When I was a child growing up in the 1970s, I learned to revere Martin Luther King Jr. and the power of civil rights. Many of us felt that a society that respected the civil rights of all Americans would inevitably become more just and equal. Racial divisions, irrational prejudice, and social injustice would quickly yield to the blind justice of the law.
It didn’t work out that way. Not only did civil rights laws prove unable to redress many racial inequalities, the laws often got twisted in ways that King could not have imagined. What began as a tool to advance social justice has become, in the decades since, an instrument that often undermines it, as group after group comes forward to claim infringements on one “civil right” after another. We need a new approach.
In the years after the Second World War, legal remedies for blatant and overt racism were remarkably successful. Civil rights lawyers argued that racial discrimination was a violation of the Constitution: every American had certain civil rights, among them the right to vote and the right to attend any school. Later, federal law extended those rights to include the right to enter commercial venues, the right to buy a house anywhere, and the right to be from racial discrimination in employment.
The judicial branch of government became an important ally in this campaign, most resoundingly with the decision in Brown v. Board of Education in 1954, when the U.S. Supreme Court declared racial segregation to be unconstitutional. And, after the comprehensive civil rights legislation of the 1960s, “Whites Only” signs came down, segregated theaters and restrooms were eliminated, and blacks came to enjoy equal access to public facilities such as hotels and restaurants in the formerly Jim Crow south.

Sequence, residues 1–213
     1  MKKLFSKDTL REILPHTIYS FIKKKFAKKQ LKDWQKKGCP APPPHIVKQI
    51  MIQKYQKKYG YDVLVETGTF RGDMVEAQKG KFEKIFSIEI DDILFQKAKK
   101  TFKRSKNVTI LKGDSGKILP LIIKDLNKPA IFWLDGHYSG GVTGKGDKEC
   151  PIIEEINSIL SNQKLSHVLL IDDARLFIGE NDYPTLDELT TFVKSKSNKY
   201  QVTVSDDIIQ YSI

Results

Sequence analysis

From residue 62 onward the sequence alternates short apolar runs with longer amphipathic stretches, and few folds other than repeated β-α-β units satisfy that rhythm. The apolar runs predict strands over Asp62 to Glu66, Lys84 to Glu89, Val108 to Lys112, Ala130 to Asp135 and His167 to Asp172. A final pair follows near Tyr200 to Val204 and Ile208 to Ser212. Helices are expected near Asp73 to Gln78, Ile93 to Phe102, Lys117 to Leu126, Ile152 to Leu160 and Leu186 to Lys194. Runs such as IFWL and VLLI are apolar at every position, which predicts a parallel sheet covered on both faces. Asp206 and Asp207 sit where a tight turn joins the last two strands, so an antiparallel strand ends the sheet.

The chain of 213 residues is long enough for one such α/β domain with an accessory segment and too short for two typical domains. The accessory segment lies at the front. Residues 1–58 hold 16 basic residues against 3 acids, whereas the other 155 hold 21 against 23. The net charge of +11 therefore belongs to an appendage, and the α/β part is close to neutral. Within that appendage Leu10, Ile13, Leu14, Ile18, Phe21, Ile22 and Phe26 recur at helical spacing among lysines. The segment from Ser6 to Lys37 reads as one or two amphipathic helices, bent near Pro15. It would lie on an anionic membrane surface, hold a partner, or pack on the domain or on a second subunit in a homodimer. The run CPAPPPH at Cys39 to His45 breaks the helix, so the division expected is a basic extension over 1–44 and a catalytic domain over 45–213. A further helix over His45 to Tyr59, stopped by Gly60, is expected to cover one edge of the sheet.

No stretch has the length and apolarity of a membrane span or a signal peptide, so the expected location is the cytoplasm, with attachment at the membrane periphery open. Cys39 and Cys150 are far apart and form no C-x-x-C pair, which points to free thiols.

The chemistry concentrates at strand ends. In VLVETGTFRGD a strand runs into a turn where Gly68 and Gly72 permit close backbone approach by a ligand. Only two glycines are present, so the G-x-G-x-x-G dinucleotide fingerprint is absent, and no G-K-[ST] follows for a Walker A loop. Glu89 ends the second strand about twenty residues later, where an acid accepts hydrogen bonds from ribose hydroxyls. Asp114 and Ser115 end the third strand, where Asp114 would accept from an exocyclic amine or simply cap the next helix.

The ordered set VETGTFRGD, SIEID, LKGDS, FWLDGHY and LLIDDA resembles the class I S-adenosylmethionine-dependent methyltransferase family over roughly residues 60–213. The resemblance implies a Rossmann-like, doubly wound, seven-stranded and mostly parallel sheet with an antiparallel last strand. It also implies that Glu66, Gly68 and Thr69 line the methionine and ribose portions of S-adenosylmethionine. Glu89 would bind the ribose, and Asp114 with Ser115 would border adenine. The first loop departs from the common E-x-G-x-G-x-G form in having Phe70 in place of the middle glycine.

The civil rights movement in the 1950s and 1960s was a legal and moral triumph. Not surprisingly, it inspired a host of other groups–Latinos, women, the disabled, gays and lesbians–to follow the lead of African Americans and take a civil-rights-based approach to unequal opportunity. But as the years went by the societal ills in question became less easy to view through the simple prism of rights. In recent years, these injustices have included unemployment among the elderly, insufficient resources devoted to students with physical and mental disabilities, conflicts over self-expression in personal grooming, and indignities faced by those who are overweight.
In many of these struggles, legal remedies have become the tool of first resort. Sometimes this makes sense. For instance, conflicts involving sexual orientation typically involve overt bias and discrimination. But many of today’s civil-rights laws are ripe for abuse by extremists and opportunists, leaving true advocates for social justice disappointed. Because the civil-rights approach to social justice focuses heavily–sometimes exclusively–on proving claims of discrimination, it often leads to the inflation of small problems and the neglect of big problems.
Here is an example of a trivial problem getting inflated. Some bars like to sponsor “Ladies’ Nights” at bars and restaurants. Most of us wouldn’t even consider “Ladies’ Nights” a problem. But men’s-rights lawyers have sued, arguing that a discount for female patrons amounts to gender discrimination–in violation of the civil rights of men. The courts agree. That’s what happened in California and other states. No more ladies’ nights at the bar.